Sir Michael noted that prior to 2006, the activities by the second defendant on its leased land "did not constitute a nuisance nor did it interfere with Good Earth's enjoyment of its leased property." Sir Michael said it was not until 2006 when the second defendant "permitted the rock crushing operation on its property that the activities on that property interfered with Good Earth's business".
Sir Michael ultimately ruled that BAIC was liable for the damages caused by the rock crushing operation, agreeing with Good Earth's submissions that BAIC ought not to have allowed another "lessor" to use its leased property in a manner which "substantially interferes with Good Earth's ability to use its property in the manner which BAIC agreed and required that the property should be used."
He also said that BAIC, under its lease with the second defendant, had the ability to stop the second defendant from "using its property to carry out rock crushing operations" and that its failure to do so was "a breach of its quiet enjoyment covenant with Good Earth".
Sir Michael ruled that there was "no basis" on which he could have made an "award for loss of income or loss of profits", adding that there was no "evidential basis" upon which "the court can quantify that loss".
However, he said the "evidence of quantum" was limited to the loss of plants previously testified by Simon Rodehn, owner of Commonwealth Landscaping and Nature Services. According to the ruling, Mr. Rodehn, on May 17, 2009, compiled a report based on his inspections of Mr. Albury's lot.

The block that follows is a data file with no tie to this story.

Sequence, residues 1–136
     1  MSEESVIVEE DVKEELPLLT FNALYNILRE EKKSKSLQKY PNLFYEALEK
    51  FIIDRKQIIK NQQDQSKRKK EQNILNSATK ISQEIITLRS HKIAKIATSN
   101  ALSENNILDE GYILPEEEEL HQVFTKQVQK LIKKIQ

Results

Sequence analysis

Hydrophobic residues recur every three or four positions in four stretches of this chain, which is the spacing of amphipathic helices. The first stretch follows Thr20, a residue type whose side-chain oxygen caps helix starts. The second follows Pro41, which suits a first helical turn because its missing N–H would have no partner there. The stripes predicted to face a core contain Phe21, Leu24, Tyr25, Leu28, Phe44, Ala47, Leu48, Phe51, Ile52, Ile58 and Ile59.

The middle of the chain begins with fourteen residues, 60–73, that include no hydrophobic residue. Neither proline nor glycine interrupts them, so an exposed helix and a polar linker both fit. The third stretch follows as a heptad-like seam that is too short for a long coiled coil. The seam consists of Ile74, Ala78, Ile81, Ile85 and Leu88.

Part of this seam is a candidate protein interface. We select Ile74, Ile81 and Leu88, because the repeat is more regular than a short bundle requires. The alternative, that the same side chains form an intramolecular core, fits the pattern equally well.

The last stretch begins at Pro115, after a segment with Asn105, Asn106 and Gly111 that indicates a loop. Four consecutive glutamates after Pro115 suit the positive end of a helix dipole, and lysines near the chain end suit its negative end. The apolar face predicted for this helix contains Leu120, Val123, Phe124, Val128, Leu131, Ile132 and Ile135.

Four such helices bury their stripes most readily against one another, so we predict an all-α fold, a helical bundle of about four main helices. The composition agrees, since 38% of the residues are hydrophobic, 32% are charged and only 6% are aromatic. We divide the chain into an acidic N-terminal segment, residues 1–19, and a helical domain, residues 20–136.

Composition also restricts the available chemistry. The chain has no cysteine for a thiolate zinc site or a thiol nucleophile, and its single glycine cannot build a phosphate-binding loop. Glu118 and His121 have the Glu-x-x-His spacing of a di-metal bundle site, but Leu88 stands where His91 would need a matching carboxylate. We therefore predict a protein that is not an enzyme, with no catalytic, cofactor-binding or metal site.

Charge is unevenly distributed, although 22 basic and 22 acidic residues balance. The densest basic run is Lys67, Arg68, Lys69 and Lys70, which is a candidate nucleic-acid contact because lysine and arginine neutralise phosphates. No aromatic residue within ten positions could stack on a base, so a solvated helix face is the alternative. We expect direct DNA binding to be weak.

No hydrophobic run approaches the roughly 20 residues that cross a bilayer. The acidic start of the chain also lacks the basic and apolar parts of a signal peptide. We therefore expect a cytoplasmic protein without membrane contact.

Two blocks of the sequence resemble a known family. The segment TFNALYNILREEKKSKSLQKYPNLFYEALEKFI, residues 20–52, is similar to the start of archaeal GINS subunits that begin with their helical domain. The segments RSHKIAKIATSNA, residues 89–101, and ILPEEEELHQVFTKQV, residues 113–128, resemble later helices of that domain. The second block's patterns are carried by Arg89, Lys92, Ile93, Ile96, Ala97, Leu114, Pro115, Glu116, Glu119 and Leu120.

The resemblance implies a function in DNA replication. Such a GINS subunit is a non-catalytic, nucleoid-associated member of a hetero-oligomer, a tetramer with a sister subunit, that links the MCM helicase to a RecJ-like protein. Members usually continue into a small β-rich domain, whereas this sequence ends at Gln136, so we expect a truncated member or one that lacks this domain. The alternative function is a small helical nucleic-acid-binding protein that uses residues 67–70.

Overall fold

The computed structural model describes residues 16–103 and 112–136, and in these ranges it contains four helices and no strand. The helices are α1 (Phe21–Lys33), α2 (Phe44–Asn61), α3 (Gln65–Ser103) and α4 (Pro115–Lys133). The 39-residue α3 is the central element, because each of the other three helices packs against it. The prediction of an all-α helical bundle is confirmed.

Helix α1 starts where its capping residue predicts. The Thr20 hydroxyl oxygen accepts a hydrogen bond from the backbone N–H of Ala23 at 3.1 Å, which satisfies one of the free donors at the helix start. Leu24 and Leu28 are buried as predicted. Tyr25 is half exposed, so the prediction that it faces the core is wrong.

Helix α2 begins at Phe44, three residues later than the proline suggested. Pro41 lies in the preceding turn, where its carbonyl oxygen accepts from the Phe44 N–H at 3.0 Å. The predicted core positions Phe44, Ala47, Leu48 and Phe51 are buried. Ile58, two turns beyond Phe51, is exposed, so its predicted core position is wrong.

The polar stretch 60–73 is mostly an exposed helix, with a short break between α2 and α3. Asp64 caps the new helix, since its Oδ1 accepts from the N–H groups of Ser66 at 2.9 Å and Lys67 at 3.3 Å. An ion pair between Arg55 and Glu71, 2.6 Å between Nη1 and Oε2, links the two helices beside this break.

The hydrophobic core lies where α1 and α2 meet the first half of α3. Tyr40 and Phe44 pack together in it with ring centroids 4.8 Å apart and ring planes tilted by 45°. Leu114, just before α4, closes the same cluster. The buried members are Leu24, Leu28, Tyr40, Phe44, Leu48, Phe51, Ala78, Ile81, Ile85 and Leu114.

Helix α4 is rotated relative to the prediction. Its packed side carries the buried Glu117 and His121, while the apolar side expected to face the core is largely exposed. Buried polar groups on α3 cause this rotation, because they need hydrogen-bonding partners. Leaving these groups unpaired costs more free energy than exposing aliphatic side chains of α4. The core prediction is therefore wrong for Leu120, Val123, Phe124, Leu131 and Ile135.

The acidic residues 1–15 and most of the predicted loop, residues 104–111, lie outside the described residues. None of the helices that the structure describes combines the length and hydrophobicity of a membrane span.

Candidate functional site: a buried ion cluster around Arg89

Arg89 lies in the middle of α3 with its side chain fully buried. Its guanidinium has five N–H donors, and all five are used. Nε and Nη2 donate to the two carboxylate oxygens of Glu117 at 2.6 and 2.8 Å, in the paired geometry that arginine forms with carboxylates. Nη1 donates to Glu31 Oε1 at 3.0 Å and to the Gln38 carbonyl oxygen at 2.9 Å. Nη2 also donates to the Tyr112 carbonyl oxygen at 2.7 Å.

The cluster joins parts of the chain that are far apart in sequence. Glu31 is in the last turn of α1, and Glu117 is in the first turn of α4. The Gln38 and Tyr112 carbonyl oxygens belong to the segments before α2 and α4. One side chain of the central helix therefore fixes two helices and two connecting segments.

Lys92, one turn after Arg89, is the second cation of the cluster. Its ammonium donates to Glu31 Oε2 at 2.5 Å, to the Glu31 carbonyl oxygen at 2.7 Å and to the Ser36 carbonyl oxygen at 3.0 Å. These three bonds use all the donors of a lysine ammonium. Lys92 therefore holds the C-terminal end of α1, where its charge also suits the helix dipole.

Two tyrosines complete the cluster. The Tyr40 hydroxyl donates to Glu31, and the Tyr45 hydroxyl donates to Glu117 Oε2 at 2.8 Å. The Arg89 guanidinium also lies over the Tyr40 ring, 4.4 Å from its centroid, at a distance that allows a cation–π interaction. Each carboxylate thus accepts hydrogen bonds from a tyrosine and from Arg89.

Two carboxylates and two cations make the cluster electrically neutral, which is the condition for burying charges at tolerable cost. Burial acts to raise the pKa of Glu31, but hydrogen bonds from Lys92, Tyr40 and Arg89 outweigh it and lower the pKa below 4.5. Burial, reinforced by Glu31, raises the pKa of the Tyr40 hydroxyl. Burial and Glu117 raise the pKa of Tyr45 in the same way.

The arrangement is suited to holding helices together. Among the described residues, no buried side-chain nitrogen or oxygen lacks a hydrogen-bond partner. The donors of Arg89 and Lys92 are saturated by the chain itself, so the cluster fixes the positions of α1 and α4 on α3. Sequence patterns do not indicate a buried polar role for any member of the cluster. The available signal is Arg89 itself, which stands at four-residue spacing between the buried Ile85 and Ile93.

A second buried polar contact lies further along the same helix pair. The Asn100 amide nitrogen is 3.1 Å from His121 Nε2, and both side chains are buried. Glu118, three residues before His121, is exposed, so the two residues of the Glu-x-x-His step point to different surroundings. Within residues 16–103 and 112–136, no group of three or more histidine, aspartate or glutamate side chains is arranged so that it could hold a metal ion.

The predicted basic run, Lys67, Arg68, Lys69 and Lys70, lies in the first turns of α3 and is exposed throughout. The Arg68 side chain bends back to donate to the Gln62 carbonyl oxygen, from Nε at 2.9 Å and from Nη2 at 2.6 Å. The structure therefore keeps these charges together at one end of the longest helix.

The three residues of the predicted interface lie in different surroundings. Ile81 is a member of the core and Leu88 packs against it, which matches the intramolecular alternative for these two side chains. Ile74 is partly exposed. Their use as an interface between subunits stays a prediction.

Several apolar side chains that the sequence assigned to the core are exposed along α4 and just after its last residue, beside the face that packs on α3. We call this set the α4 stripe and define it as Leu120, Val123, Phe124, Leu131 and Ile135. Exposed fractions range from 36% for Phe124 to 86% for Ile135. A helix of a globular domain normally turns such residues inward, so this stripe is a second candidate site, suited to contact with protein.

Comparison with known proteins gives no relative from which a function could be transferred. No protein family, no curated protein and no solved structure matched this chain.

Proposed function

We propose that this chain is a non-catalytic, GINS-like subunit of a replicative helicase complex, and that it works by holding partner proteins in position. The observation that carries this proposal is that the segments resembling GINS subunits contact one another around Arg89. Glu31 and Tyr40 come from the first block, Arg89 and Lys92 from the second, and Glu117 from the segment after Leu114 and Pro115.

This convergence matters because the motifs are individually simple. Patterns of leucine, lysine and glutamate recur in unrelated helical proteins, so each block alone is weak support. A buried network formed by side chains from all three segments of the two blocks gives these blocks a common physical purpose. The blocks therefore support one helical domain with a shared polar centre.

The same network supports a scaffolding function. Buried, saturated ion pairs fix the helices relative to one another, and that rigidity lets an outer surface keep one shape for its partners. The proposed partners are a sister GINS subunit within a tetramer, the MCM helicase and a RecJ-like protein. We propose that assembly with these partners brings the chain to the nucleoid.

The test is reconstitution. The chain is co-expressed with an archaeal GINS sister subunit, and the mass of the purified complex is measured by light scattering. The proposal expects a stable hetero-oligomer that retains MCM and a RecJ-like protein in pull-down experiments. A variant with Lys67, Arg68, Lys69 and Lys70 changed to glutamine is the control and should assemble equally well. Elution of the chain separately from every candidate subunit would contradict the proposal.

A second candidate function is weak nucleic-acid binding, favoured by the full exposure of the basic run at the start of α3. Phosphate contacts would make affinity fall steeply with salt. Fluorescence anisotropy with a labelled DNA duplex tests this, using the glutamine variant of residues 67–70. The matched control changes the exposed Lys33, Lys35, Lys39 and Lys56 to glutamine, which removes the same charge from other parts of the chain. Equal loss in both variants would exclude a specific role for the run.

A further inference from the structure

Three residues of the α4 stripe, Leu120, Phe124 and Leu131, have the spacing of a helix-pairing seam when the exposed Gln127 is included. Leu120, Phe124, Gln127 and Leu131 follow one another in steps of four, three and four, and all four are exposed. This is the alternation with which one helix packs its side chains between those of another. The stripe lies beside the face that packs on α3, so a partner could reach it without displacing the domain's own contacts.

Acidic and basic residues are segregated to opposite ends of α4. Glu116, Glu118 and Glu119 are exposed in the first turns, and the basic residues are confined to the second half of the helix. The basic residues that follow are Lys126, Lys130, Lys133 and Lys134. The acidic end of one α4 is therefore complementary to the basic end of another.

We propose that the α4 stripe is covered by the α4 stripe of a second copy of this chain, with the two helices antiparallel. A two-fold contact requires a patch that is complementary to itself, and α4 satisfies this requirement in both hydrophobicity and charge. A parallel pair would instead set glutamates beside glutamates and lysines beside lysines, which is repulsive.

The findings showed a loss of $37,500 for damaged and suffering plants as of February 2009 and $56,541.50 for dead plants as of February 2009.
Adding the two costs, Sir Michael ultimately entered judgement for Good Earth against BAIC in the sum of $94,041.50. He ruled that BAIC "will pay Good Earth's cost to be taxed if not agreed".
To date, however, Mr. Albury claimed that BAIC had yet to pay him as per Sir Michael's ruling.
In a letter dated March 30, BAIC stated: "Your actions as outlined above clearly breaches the agreement, therefore, we invite you to remedy the same for an amicable solution to this matter. In that regard, we request that you pay the outstanding arrears in the sum of $6,400.00 or contact our Collections Department to make arrangements to pay the same; demolish the building on the property immediately. Should we not hear from you within 14 days of receipt of this letter, we will proceed as we may be advised without further notice to you."
Mr. Albury said on Friday: "I just want my money, and I want the protection what BAIC said they was going to give me when I moved there."
Attempts by The Tribune to contact Mr. Smith were unsuccessful on Friday. However, The Tribune understands that a meeting has been scheduled for Tuesday between the parties.
By NICO SCAVELLA
Tribune Staff Reporter